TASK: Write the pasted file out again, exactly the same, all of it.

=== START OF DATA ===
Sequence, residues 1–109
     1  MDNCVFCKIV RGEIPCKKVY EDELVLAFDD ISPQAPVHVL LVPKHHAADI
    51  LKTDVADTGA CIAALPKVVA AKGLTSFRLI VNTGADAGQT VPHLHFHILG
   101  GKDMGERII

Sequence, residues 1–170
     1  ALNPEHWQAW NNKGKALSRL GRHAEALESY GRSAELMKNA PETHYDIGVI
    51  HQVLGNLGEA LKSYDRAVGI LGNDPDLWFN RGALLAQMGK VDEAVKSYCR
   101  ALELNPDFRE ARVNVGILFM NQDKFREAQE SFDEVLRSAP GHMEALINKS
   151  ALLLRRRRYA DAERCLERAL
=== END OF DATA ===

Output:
Sequence, residues 1–109
     1  MDNCVFCKIV RGEIPCKKVY EDELVLAFDD ISPQAPVHVL LVPKHHAADI
    51  LKTDVADTGA CIAALPKVVA AKGLTSFRLI VNTGADAGQT VPHLHFHILG
   101  GKDMGERII

Sequence, residues 1–170
     1  ALNPEHWQAW NNKGKALSRL GRHAEALESY GRSAELMKNA PETHYDIGVI
    51  HQVLGNLGEA LKSYDRAVGI LGNDPDLWFN RGALLAQMGK VDEAVKSYCR
   101  ALELNPDFRE ARVNVGILFM NQDKFREAQE SFDEVLRSAP GHMEALINKS
   151  ALLLRRRRYA DAERCLERAL